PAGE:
Sun Kil Moon - "Glenn Tipton"
Mark Kozelek sings I CAPitalized, an upright word, a word that matters - matters because I meant something to someone, now she's gone and "place ain't the same" and he's back in memory, he's singing for intimates past and (therefore) present - donut shops, cops at the table; the fighters, the guitar-flashers; the unsent letters & the heart-soft hours of the night. And these scenes just pass by, the hurts and the mends all know their time is coming and really, what can you do, what are love and sorrow anyway but lights and shadows, colors off the leaves, never remaining for long. Refusing to just repeat. The foggy-eyed awe of what next together, hand-in-hand, with the delirious stillness of what was.
Bowerbirds - "Bur Oak"
Remember those kids in grade school and the nicknames we came up with? Nick drank Sunkist, we called him Orange. Alex was a rascal, we called him Spanky. (Nobody remembers how Zack became Stella.) But we all know that these kids are grown, that they are trying to grow now - next time you see them, call them by the names we gave 'em. Maybe they'll say "no one's called me that in years" and maybe also swell a little and maybe, but only just barely-maybe, pine too for that shared impulse we had when we didn't need to search to impress or amaze: that stupid sudden spark that sticks and sticks and sticks.
In my six or so years of studying the Spanish Language, this is my first time being immersed in a Spanish, or rather, Catelán-speaking country (I am spending the next four months in Argentina as a student). Saying that there is much about the language for me to learn is a vast understatement. Cooking came up in a conversation with a friend the other day. We talked about what the first things we learned to cook were. Mine was fried rice. We talked about the soothing qualities of cooking and the importance smell had in developing a sense of calm.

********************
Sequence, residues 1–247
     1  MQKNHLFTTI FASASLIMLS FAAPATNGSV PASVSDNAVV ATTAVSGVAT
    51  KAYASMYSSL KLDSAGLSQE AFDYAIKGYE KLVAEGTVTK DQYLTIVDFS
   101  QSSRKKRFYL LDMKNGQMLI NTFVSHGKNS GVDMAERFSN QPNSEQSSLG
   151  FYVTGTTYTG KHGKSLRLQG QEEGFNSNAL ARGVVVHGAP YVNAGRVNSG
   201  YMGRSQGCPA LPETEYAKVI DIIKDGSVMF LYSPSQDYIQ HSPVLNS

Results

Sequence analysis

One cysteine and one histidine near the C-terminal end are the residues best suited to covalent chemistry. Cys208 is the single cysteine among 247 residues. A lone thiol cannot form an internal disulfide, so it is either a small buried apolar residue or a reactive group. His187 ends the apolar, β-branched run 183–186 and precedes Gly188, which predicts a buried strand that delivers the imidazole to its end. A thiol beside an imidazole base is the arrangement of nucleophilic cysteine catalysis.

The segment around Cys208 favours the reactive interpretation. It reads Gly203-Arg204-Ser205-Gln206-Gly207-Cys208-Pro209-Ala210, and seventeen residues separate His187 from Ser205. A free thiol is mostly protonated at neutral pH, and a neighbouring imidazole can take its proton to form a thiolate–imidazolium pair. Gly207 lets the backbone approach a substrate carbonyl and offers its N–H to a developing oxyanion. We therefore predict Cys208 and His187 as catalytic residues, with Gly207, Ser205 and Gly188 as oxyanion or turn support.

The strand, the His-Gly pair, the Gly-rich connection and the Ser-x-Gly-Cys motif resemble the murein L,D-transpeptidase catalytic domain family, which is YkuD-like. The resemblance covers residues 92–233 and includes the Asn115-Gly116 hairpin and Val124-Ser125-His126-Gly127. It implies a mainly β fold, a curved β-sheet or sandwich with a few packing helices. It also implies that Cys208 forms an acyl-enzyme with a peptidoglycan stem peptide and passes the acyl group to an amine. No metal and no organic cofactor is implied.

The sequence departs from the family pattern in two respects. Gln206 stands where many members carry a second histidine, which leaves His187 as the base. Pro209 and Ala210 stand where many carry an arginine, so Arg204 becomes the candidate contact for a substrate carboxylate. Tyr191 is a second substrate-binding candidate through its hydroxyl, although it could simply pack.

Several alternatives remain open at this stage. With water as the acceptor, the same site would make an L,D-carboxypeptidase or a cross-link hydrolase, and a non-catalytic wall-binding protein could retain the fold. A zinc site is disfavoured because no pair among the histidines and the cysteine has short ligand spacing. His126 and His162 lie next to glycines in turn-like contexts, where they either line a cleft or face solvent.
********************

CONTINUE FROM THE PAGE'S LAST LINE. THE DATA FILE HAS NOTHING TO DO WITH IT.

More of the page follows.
I decided to treat my learning of a language like fried rice.
First the rice is cooked separately from the other ingredients. The vegetables are fried in another pan while the rice cooks. When the rice is ready, it is integrated into the pan that the vegetables are in along with different spices that add subtleties to the food. Once the flavors permeate each other, mix and beautifully contaminate each grain of rice and each pea or carrot slice, the rice and vegetables are moved away from the middle creating an exposed area in the center of the pan. This is the moment of opportunity and possibility. This is when the egg is introduced. The shells is cracked and the contents are poured into the center. As it cooks, the egg is slowly integrated into the rice and vegetables. The fried rice reclaims the middle of the pan, and cooks for a bit longer before its ready to eat.
Well, I just cracked my egg and damn am I hungry.